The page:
Composer, guitarist, and musician in every sense of the word, Michel Cusson is quite literally multitalented. The man behind the music has electrified jazz lovers, touched film goers, thrilled TV viewers and plunged spectators of live shows around the world into the heat of the moment.
From his acclaimed place in the international spotlight as the virtuoso guitarist of the famed jazz-fusion band UZEB to his established position behind the scenes as a talented television and film score composer, Michel's work has garnered dozens of awards, including 14 Félix Awards, 7 SOCAN awards, 6 Gémeaux Awards, and a Gemini. His original score for the hit film Séraphin – Un Homme et son Péché earned him the Jutra Award in 2003 for Best Original Music and has set the record as the best-selling soundtrack in Quebec with more than 75,000 copies sold to date. In November 2003, the Academy of Canadian Cinema & Television awarded Michel with one of its highest honours, a Prix des Immortels de la télé for his three-time award winning scores for the TV series Omertà.
Merging innovation with versatility, artistry with skill, Michel's compositions attest to his passion for music of all genres. After setting the standard for jazz music with the long-standing success of UZEB and his subsequent album releases with the band Wild Unit, Cusson began rising the bar for film score compositions and quickly became one of the most sought-after composers in Canada. The transition from being the guitarist of one of the best-known jazz bands in history to becoming a film music composer was in fact a very natural step for Michel to take. He began composing at the age of fifteen and in 1976, when he was only 19 years old, he founded the legendary group UZEB that went on to tour 20 countries and release 10 award-winning albums. His immediate success was an extraordinary feat for a man who grew up in Drummondville, a small town in Quebec with very few musicians and no jazz school.
“I basically learned all about jazz by myself,” Michel says of his early years as a musician, though he did go on to study music at both McGill University in Montreal and Berklee College of Music in Boston. What people perhaps overlooked during Michel's years on stage with UZEB was his passion and talent for composition. “I couldn't resist writing,” admits Michel. “Some of my friends practiced playing all the time but me, I couldn't practice more than two hours before I needed to start writing.” When the group broke apart in 1991, Michel knew that film scoring was to be the next phase in his career. Though this meant branching away from jazz, Michel insists that, “From the beginning I never saw the tree, I always looked at the whole forest…Jazz is one tree but music is the whole forest.”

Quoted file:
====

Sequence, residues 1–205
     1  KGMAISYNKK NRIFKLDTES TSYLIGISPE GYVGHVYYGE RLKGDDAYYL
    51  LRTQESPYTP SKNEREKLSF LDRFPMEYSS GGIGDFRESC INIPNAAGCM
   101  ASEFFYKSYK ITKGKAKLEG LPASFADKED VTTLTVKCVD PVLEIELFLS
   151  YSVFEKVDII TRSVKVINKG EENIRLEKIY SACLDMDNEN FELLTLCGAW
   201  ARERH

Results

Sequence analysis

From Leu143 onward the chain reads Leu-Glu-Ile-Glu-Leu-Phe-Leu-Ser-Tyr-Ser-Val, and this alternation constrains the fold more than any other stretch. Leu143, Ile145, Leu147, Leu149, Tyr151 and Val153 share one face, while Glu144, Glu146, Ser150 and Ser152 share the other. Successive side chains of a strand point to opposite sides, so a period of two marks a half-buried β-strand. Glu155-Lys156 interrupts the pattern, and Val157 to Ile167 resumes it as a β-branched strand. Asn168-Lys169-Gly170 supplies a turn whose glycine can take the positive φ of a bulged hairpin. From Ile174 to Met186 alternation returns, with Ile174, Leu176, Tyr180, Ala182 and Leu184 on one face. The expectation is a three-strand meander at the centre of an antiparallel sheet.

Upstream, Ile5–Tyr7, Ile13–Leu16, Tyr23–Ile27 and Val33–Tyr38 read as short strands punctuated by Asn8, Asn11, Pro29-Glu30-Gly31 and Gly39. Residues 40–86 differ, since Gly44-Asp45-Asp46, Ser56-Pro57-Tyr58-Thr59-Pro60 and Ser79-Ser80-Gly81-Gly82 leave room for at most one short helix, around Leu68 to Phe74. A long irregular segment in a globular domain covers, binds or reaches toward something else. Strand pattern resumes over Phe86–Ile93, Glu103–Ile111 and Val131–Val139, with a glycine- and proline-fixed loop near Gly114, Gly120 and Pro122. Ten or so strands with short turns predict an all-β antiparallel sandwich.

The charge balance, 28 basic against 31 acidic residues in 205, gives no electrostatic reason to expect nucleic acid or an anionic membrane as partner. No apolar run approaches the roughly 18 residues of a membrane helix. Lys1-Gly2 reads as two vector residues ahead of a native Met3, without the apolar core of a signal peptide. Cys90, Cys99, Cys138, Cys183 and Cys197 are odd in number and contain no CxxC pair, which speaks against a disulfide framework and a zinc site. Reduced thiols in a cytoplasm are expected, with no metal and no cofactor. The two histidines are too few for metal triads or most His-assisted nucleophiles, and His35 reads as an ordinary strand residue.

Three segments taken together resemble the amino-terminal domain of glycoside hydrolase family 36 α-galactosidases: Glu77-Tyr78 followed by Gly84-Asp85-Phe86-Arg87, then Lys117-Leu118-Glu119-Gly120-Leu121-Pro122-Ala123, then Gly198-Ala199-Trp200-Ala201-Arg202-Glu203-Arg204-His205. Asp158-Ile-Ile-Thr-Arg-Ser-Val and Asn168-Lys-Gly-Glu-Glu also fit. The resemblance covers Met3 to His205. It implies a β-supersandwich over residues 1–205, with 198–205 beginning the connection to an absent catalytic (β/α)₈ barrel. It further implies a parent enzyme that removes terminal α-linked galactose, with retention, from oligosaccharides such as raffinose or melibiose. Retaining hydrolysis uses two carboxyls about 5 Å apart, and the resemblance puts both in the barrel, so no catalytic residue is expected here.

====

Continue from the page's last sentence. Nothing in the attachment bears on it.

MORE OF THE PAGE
Within a decade, Michel composed music for a staggering variety of projects ranging from theatrical performances such as Cavalia (2003), an equestrian mega-show staged under one of the world's largest touring big tops, to box-office favourites like Michel Boujenah's Père et Fils (2003), Charles Binamé's Séraphin (2002), Jean Beaudin's Le Collectionneur (2002) and the IMAX documentaries Volcanoes of the Deep Sea (2003) and Fighter Pilot: Operation Red Flag (2004) by Stephen Low. Michel's roster of television scores is admirable and includes the series Napoleon (2002) starring Gérard Depardieu, Isabella Rosselini and John Malkovich, as well as several episodes of the Cirque du Soleil's Solstrom (2003) series and countless episodes of the popular Tag (2002), Bunker (2002), Last Chapter (2002) and Omertà (1996-1999) programs.
Making music soar to new heights has always been one of Michel's primary objectives and one need only look at the scope of his projects to see that he has thoroughly achieved this goal. “My main interest in music from the start was very international,” states Michel whose career has enabled him to collaborate regularly with artists and producers from around the world, including Roy Tokujo who produced the Hawaiian stage production Ulalena (1999).
For this theatrical mega-show Michel expertly wove the traditional music of the Hawaiian Islands with his own signature style, giving life to the show while honouring the culture's history. In much the same way, he used Native American music as the basis for his score of the documentary IMAX film Wolves (1998) and incorporated traditional themes so deftly into the compositions that Michel was awarded both the Native American Music Award and the International Wildlife Film Festival's Merit Award.
Having created the music for 16 films, 6 mega-shows, 13 television series and 26 albums, Michel views these achievements as just the beginning. “I feel that the more I write, the better I write,” the composer says, leaving listeners with high expectations for his upcoming projects such as the TV series Vice caché (February 2005) and the movie Aurore directed by Luc Dionne (July 2005).